Extraordinary times call for extraordinary measures

I have a quote from John Wooden on my bulletin board at the Capitol:

Be more concerned with your character than your reputation, because your character is what you really are, while your reputation is merely what others think you are.

In politics, what others think you are is sometimes defined by what the media says you are.

But few citizens have the time to read bills, listen to debate or look at voting records for the full picture.

So regardless of what you may have read or heard, here is why I voted against a public school budget bill for the first time ever.

I want to see public schools be a place free from discrimination or where one-sided, politicized curriculum is coerced on children’s impressionable minds.

Many Representatives who voted no did so because they also want to preserve local control, not the opposite, and certainly not to punish teachers.

Wrote one teacher, “I’m so glad that the House of Representatives voted nay on this bill and I’m very thankful for the Representatives that stood up for the teachers. As a teacher, I don’t want to be forced into being indoctrinated or to indoctrinate children.  So, please write the intent language well, so professional development money can’t be spent on indoctrination.  It may not be in every grade, or every school, or every district, but it is real and turning a blind eye to it isn’t going to make it go away.”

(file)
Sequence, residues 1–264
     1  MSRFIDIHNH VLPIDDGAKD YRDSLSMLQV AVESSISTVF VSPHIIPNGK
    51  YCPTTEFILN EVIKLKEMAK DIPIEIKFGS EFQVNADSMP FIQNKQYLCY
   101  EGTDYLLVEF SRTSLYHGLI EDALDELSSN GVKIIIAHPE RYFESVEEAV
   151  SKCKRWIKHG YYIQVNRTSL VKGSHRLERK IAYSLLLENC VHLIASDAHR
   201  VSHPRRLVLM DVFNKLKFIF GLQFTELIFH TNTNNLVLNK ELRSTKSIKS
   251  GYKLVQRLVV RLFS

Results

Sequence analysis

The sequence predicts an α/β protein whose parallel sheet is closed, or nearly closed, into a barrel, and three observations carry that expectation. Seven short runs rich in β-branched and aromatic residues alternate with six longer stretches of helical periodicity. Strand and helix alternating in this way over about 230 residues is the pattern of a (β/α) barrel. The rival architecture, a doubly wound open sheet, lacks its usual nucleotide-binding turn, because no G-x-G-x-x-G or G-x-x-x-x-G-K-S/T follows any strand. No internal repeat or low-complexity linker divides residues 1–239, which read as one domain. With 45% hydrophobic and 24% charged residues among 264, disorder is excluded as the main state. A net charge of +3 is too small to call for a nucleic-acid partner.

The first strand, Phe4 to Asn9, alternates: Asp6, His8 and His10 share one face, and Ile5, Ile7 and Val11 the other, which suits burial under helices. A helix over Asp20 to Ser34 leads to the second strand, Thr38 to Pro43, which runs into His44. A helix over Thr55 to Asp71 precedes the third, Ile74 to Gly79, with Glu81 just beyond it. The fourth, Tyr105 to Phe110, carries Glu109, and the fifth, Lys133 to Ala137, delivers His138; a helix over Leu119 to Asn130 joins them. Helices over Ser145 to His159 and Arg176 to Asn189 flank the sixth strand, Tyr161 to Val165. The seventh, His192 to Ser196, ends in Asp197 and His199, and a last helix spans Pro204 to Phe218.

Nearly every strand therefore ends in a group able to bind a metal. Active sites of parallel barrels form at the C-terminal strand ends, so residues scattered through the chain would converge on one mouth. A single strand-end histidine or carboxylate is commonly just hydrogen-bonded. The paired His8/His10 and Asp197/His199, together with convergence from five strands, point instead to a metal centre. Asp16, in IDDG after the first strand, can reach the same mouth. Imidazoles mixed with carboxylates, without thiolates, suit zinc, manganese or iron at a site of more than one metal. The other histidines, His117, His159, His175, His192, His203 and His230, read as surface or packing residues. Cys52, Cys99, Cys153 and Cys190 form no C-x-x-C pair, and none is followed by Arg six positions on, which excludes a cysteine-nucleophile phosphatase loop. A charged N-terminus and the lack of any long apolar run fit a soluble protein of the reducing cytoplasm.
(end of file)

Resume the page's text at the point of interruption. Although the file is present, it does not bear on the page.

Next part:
You may not have seen that teacher’s viewpoint reflected in the reporting on this issue.

Parents in Idaho Falls had conversations with me prior to session expressing their concerns about bias in the classroom.

President Biden has already issued executive orders that reach all the way down into Idaho universities and school classrooms. And he’s planning more. A National Review article is headlined “Biden set to Push Critical Race Theory on U.S. Schools.” The first sentence reads, “The woke revolution in the classroom is about to go federal.”

If President Biden is willing to set aside the Second Amendment, he is willing to set aside the First or the Tenth or any part of the Constitution. Further, the Democratic party is planning to introduce legislation to pack the Supreme Court so the President can appoint four more liberal justices and have no check on their power.

These collective concerns left me no choice but to fight to preserve local control for Idaho’s public schools, teachers and parents in a way I never anticipated. I felt this step of rejecting the budget until appropriate statewide policy was in place to fight against this extraordinary and rapidly evolving federal takeover of our local schools was necessary.

S1205 protects Idaho against federal overreach in gun law. H322 also protects Idaho against federal overreach. New state education and fiscal policy (H377) is necessary to protect our teachers and children too.

I sustain and honor the law, but I also hold the sacred duty to change it in Idaho. It is not a responsibility I take lightly. Extraordinary times call for extraordinary measures.

 

Wendy Horman

About Wendy Horman

Rep. Wendy Horman is a Republican from Idaho Falls. She is a member of the Joint Finance-Appropriations Committee, which carves up Idaho’s annual budgets. She also served as co-chair of a legislative interim committee charged with reworking the state’s arcane education funding formula. Horman is a fifth-term lawmaker and former trustee in the Bonneville School District.

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